Mr. Roddy discussed the emergency debt collection regulation issued by the Massachusetts AG and the possibility of state UDAP claims based on collection activities during the crisis. Mr. Cordray discussed the CFPB’s authority in the areas of mortgage and student loan servicing, debt collection and credit reporting, and referenced a white paper he published yesterday directed to CFPB Director Kraninger and various Senate and House members setting forth immediate actions the CFPB should take to prevent consumer harm, including the following:
- Using its supervisory authority to closely monitor banks, financial companies, and mortgage loan servicers to make sure they follow through in making the mortgage relief required by the CARES Act available to consumers and for mortgage loans not covered by the CARES Act, working with lenders and servicers to try to develop similar arrangements for payment forbearance and loan modifications.
- Pressing companies to offer help to consumers to minimize loan delinquencies and defaults, such as by waiving overdraft fees, NSF fees, or late fees and by providing forbearance on loan payments.
- Issuing guidance reminding debt collectors that the FDCPA prohibits any conduct “the natural consequence of which is to harass, oppress or abuse any person in connection with the collection of a debt” or any conduct that is “unfair or unconscionable” and outlining parameters that debt collectors should observe to avoid engaging in conduct that is abusive or unconscionable, such as refraining from initiating new debt collection lawsuits, garnishing wages, or attaching bank accounts.
With regard to the question of whether the CFPB should adopt measures like the Massachusetts AG’s emergency debt collection regulation, Chris Willis questioned whether the CFPB would have the authority to adopt a similar measure that barred certain collection activity. Also discussed was the ability of states to enact laws that require changes to the terms of credit, such as waiving late fees, changing due dates, or stopping interest accrual, including the impact of federal preemption on national banks and federal savings associations.
All of the speakers stressed the need for companies to identify potential sources of risk in their operations and attempt to address those risks in advance. Examples given of operational areas that could be impacted by employees working remotely and create compliance and reputational risks included call centers and customer service, collections, dispute investigation, loss mitigation, fraud investigation/ID monitoring, and compliance monitoring. The speakers discussed the types of industry practices that might be viewed as unfair and thus trigger scrutiny from regulators such as continuing to charge for goods or services that cannot be provided during the crisis or initiating automatic charges via credit or debit cards or ACH during a government-ordered grace period. Another potential area of risk highlighted by Chris Willis was fair lending issues that could arise from the handling of modification and forbearance requests.
On April 8, 2020, Fannie Mae, in an update to Lender Letter 2020-02, and Freddie Mac, in Bulletin 2020-10, announced updates to their temporary servicing guidance due to COVID-19. The revised guidance accounts for the adoption of the Coronavirus Aid, Relief and Economic Security Act (CARES Act). Fannie Mae and Freddie Mac remind servicers of the requirement to comply with applicable law, and Fannie Mae notes this requirement applies even if a provision of the Servicing Guide may conflict with applicable law.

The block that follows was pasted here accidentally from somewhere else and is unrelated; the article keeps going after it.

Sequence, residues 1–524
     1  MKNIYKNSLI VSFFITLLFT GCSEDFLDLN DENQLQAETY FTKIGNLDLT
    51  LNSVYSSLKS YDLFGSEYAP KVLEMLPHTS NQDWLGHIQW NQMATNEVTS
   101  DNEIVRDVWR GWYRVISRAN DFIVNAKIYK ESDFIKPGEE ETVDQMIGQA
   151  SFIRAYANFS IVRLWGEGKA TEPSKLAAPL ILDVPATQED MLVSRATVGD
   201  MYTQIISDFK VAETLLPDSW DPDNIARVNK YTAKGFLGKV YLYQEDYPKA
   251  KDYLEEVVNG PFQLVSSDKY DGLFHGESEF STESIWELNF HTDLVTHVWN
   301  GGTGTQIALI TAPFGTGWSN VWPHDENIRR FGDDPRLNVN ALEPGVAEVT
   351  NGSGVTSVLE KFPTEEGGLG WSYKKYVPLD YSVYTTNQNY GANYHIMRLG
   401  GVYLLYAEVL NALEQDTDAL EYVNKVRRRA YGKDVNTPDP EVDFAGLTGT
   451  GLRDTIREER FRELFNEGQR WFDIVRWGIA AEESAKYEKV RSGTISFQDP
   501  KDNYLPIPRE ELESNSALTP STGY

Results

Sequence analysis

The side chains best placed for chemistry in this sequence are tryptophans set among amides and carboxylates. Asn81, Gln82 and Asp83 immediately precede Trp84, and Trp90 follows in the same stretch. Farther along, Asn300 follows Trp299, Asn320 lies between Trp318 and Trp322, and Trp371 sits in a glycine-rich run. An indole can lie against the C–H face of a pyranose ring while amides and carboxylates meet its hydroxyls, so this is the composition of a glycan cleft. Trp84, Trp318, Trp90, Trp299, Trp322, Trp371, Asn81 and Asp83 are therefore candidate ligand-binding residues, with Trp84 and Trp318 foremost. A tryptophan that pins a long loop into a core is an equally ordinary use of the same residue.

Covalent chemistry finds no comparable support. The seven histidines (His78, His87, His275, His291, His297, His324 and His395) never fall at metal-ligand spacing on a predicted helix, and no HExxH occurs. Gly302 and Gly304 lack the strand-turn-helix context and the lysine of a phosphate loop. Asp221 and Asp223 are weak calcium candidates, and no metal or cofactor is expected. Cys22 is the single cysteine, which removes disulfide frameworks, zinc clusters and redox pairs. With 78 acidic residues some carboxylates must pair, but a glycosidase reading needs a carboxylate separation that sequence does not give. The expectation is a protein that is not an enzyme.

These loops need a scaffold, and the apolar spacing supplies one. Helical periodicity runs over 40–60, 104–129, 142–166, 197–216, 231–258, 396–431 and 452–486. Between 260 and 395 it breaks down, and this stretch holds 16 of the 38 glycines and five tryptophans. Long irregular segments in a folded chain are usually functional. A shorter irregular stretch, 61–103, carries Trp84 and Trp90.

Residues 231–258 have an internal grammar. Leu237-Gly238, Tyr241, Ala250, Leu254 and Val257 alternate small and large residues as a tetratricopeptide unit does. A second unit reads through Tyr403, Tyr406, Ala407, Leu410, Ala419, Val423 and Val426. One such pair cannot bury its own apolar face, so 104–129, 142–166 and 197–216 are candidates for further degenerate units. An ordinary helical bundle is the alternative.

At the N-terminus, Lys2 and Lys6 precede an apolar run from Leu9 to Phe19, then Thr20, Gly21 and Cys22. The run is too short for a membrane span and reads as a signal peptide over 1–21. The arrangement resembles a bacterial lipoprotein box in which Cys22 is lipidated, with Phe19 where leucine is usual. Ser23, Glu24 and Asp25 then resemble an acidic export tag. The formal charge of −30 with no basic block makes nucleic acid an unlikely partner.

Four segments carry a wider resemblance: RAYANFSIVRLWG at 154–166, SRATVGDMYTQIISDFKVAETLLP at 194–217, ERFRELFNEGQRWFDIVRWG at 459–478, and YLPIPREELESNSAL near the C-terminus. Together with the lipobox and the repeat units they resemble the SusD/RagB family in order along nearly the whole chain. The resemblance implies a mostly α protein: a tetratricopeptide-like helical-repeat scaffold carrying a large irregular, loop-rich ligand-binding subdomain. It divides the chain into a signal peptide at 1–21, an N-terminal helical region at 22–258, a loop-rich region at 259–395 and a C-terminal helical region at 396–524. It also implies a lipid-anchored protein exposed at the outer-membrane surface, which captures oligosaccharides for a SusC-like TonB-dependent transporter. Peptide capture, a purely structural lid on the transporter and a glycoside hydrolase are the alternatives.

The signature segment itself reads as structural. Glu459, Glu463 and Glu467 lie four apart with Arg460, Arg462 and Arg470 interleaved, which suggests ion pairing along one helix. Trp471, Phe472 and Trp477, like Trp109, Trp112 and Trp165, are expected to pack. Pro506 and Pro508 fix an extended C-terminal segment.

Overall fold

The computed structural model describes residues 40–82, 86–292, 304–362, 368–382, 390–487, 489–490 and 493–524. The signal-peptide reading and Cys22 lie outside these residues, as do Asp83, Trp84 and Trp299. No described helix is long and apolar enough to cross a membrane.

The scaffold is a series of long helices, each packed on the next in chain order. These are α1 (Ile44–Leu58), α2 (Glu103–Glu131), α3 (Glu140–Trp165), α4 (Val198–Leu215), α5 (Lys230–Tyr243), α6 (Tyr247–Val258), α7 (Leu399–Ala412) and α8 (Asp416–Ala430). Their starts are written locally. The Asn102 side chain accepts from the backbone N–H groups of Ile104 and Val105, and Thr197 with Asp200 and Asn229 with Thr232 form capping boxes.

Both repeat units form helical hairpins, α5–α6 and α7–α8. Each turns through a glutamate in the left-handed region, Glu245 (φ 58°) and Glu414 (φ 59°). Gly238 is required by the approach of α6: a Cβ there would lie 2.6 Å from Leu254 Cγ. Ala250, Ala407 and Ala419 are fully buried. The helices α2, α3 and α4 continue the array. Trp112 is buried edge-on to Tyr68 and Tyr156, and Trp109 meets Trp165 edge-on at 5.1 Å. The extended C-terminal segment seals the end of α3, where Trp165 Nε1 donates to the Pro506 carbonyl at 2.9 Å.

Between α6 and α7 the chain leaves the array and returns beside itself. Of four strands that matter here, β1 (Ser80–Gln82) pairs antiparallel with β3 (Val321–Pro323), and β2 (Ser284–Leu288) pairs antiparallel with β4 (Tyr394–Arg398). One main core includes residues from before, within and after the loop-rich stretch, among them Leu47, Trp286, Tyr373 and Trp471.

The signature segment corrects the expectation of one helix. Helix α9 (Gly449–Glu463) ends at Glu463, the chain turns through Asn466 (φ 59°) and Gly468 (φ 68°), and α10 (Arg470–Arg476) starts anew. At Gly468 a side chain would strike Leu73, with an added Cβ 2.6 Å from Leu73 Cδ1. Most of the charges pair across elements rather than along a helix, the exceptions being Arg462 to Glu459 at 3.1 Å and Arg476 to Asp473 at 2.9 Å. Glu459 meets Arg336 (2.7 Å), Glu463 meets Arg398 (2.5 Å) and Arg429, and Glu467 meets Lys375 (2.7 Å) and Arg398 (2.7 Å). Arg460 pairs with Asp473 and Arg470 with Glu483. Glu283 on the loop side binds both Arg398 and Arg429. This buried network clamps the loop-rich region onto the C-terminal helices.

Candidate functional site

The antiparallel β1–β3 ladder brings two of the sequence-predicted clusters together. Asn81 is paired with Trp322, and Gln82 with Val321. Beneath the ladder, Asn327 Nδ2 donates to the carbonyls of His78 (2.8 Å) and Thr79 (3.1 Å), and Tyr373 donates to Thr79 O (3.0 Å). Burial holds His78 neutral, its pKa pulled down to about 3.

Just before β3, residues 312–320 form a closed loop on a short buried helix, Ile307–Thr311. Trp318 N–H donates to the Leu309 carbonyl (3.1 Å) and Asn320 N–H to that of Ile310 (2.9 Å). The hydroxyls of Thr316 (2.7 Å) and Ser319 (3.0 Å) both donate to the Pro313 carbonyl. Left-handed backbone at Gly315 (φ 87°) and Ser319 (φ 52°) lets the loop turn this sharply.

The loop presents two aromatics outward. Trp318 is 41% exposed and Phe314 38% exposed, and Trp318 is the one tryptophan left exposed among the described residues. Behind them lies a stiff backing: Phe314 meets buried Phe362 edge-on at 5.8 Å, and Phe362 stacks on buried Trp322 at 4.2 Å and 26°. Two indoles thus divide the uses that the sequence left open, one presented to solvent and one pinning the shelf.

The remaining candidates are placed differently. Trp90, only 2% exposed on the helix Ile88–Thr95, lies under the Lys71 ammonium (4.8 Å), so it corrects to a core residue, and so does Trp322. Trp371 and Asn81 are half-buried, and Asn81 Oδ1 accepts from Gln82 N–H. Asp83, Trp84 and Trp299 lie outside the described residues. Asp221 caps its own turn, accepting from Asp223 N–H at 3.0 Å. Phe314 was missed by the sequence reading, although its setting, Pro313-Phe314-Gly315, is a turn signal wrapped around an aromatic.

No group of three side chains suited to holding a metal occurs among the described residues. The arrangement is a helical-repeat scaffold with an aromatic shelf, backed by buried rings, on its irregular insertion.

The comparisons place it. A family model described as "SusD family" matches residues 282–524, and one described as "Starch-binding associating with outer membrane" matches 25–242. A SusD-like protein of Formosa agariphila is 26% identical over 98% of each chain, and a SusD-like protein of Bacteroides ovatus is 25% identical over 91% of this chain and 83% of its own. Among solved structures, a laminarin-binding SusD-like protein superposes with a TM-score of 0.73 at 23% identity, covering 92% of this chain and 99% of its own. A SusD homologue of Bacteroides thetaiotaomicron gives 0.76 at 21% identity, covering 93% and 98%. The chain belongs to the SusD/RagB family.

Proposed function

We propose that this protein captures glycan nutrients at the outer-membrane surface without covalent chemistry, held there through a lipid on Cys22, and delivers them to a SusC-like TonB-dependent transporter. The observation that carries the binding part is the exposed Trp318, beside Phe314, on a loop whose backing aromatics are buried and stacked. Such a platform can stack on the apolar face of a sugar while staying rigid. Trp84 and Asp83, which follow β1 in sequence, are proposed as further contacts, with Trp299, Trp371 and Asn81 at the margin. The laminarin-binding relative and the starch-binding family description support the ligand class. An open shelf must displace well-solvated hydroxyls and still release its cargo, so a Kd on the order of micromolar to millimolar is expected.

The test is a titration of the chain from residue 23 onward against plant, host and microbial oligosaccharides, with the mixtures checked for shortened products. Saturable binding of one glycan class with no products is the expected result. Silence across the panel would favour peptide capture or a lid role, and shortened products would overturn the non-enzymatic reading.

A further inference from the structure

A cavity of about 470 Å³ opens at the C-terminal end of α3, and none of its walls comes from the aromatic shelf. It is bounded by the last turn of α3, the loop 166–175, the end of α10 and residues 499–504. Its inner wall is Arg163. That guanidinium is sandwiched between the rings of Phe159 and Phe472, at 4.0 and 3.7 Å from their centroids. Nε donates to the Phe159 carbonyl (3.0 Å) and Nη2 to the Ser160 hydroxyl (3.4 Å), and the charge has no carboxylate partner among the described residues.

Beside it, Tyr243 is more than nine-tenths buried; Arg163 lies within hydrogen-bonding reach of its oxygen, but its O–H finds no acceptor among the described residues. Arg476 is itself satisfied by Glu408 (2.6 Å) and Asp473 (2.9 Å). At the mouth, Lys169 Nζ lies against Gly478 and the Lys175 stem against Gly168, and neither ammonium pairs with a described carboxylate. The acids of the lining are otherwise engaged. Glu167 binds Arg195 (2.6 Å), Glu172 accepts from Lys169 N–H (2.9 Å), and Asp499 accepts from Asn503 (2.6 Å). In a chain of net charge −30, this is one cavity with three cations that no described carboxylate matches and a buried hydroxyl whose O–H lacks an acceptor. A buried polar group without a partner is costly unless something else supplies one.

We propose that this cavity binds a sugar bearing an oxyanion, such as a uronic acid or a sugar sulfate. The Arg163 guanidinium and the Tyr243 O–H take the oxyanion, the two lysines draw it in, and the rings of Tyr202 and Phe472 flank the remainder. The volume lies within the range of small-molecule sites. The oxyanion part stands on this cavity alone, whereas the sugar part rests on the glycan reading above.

Forbearance. As provided for in the CARES Act, a borrower with a federally backed mortgage loan who is experiencing a financial hardship due, directly or indirectly, to the COVID-19 national emergency may, regardless of delinquency status, request a forbearance. To request a forbearance, a borrower must submit a request to the servicer and affirm that the borrower is experiencing a financial hardship due to the COVID-19 national emergency. The forbearance period is up to 180 days and, during the covered period, the borrower can request an extension for an additional period of 180 days.
While a borrower may request a CARES Act forbearance regardless of whether they are delinquent on their federally backed mortgage loan, Fannie Mae and Freddie Mac have requirements to establish qualified right party contact (QRPC) with delinquent borrowers and to work with such borrowers to determine the best solution. Fannie Mae and Freddie Mac advise as follows:
Fannie Mae: “As described in Servicing Guide D2-2-01, Achieving Quality Right Party Contact with a Borrower, QRPC is a uniform standard for communicating with the borrower, co-borrower, or a trusted advisor (collectively referred to as “borrower”) about resolution of the mortgage loan delinquency. We reaffirm the applicability of QRPC when working with a borrower impacted by COVID-19 to ensure the servicer understands the borrower’s circumstances and determines the best possible workout option for resolving the borrower’s delinquency. In the event that the servicer is unable to achieve full QRPC and offers a forbearance plan to a borrower impacted by COVID-19 in compliance with the CARES Act, the servicer is considered to be in compliance with our Servicing Guide.”